Dream Team or Pipe Dream?

The dangerously dysfunctional presidency of Donald Trump has endowed the nation with a Divider in Chief.

The man who has disparaged and insulted women, ethnic groups, races, nations, religions, the press, judges, the disabled, refugees, immigrants, the rule of law and Democrats turned his undisciplined fury this week on Republicans by bashing the leaders of Congress he needs to pass his divisive agenda which appears to be deader in the water every day. 

So much for the art of his deal.

Amid this state of affairs it is not surprising that a story broken last week by veteran political reporter Mike Allen, writing for Axios, fueled at least the wishful thinking of the millions of Americans who have had enough of dividing.

Allen’s story, since expanded by CNN and other news organizations, reports that two moderate governors,

Republican John Kasich of Ohio and Democrat John Hickenlooper of Colorado, are eying a “joint independent bid for president in 2020, likely with Kasich at the top of the ticket.”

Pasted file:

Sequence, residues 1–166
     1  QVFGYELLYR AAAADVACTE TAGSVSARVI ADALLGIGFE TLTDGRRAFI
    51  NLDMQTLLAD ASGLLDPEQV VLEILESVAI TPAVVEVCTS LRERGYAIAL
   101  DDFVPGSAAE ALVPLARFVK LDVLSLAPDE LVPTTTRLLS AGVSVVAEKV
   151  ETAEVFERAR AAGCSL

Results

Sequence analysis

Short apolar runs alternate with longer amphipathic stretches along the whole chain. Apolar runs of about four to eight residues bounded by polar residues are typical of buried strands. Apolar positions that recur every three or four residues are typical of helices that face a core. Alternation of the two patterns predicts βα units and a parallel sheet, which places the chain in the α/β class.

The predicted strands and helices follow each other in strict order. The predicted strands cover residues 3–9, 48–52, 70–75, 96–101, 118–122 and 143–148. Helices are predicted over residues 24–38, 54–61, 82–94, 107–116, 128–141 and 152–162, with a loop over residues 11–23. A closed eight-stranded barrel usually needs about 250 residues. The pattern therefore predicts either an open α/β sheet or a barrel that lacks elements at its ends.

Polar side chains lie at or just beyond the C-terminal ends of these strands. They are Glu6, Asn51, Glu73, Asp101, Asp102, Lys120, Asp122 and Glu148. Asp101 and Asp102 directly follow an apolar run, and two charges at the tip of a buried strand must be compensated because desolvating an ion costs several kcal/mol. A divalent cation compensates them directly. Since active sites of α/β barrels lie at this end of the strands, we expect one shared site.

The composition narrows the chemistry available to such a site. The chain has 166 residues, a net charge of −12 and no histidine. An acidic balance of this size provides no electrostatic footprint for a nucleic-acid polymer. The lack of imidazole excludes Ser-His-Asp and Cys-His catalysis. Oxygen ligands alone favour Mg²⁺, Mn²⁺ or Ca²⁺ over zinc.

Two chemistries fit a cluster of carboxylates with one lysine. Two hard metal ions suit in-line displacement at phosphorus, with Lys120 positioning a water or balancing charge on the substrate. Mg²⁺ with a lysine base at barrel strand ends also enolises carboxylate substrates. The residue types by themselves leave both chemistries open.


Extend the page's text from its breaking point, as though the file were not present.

Hickenlooper and Kasich have been making appearances together to push for state-level improvements to health care and are reported to be working on policies for job creation and immigration.

Right here it would be wise to take a deep breath, and acknowledge that the prospect of a unity ticket featuring two respected and effective politicians from different parties has drawn immediate pushback from partisans, a vague denial from Hickenlooper, and may be no more than a well-sourced rumor or a pipe dream.  

Even a dream can be a respite from a nightmare.

The story will have legs because, as one political operative told Allen,  "Our political system is completely broken. Something big and historic needs to happen to break the logjam. I'm a big Dem but I'm for anything that ... does away with this hyper-partisanship on both sides that is paralyzing our government."

Hear, hear!

This summer’s birth of the United Utah Party reflects an effort to address and break that logjam, beginning at the state and local level. 

The formation of a centrist-based third party is big and is historic. The United Utah Party believes that solutions to our pressing issues will be achieved through a pragmatic rather than partisan approach, working together on common ground and uniting, rather than dividing.

Sheer exhaustion from the divisiveness of Trumpism eventually may be enough to coax the masses in that direction.

In the meantime (or at least through the next news cycle), let reasonable people who are unifiers at heart relish their reverie of a unity dream team.